This image demonstrates direct light coming from strong sun shining through a nearby window. I love the way the light highlights those delicious chubby cheeks and also gives this ordinary happening a sense of drama.

BACKLIGHT

For a backlit golden glow, this is best achieved when the sun coming into your home is lower in the sky, so closer to the hours of sunrise or sunset. However, indoor backlight can be beautiful any time of day. Backlight can occasionally be tricky as the light source is behind your subject, and sometimes your camera might read the scene and throw in a flash to help ‘fill out’ the light. Firmly tell your camera ‘no thanks’, and put that flash away! In fact, I don’t use a flash for any daylight situation, I prefer to hunt out whatever natural light I can find.

Backlight might take a little bit of practice, and trial and error, and you will need to decide whether you want to expose for your subject or create a silhouette - both of which make for great images, but create a different feel. For the most part, I tend to expose backlit images for the subject, which often means I lose a little detail in the background, but I’m ok with that. Backlight might require a little bit more understanding of how to use your camera, but when you nail a backlit image, you get a wonderful angelic effect that feels nostalgic and soft - #worthit.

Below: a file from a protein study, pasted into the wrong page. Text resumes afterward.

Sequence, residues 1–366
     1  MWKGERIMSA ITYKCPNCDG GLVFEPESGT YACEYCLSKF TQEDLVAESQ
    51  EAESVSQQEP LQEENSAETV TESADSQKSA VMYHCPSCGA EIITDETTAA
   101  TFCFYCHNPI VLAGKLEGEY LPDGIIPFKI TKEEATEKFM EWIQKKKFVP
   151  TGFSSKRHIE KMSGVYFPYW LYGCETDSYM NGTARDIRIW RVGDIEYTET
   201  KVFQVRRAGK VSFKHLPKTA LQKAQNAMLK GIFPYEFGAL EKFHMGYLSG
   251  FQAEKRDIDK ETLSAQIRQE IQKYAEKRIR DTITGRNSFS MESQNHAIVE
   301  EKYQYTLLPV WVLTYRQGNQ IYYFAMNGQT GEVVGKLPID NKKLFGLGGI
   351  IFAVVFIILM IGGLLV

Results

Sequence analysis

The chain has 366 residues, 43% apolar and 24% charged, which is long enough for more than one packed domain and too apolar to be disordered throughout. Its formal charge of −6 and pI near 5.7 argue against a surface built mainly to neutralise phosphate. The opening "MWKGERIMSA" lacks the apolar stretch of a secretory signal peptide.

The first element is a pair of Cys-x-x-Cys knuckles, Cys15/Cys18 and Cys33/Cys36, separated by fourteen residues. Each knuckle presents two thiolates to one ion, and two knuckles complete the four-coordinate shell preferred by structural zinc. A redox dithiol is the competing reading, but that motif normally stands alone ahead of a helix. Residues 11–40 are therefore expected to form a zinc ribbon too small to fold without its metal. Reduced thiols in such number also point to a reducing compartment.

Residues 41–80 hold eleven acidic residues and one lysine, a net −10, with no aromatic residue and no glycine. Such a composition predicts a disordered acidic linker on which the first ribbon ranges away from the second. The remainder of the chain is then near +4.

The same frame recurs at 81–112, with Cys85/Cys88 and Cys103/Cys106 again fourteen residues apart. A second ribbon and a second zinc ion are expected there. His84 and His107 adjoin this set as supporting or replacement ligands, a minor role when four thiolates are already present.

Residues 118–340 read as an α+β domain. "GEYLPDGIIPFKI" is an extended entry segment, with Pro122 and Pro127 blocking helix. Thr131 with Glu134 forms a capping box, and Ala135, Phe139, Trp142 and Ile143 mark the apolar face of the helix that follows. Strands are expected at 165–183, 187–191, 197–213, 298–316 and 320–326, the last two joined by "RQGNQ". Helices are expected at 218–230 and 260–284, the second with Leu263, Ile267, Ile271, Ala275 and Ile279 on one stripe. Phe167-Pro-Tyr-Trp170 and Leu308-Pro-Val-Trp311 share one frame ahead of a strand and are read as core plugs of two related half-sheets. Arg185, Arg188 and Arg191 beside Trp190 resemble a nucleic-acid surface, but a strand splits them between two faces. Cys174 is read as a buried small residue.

This backlit image was created on a Winter’s morning when the sun was still low and soft. Note how the light is flooding in through windows behind the subject, creating a beautiful, hazy glow.

This backlit image was created on a Winter’s morning when the sun was still low and soft. Note how the light is flooding in through windows behind the subject, creating a beautiful, hazy glow.

Depending on the time of day and the light outside, windows offer an endless supply of photographic opportunity. Observe and notice where interesting or beautiful light happens within your home and have fun with it! Knowing good light and experimenting with it, is the top way to take your photos from drab to fab.

If nothing else, switch off the overhead lights, open those curtains and let all the natural light in, it will just make everything better - promise.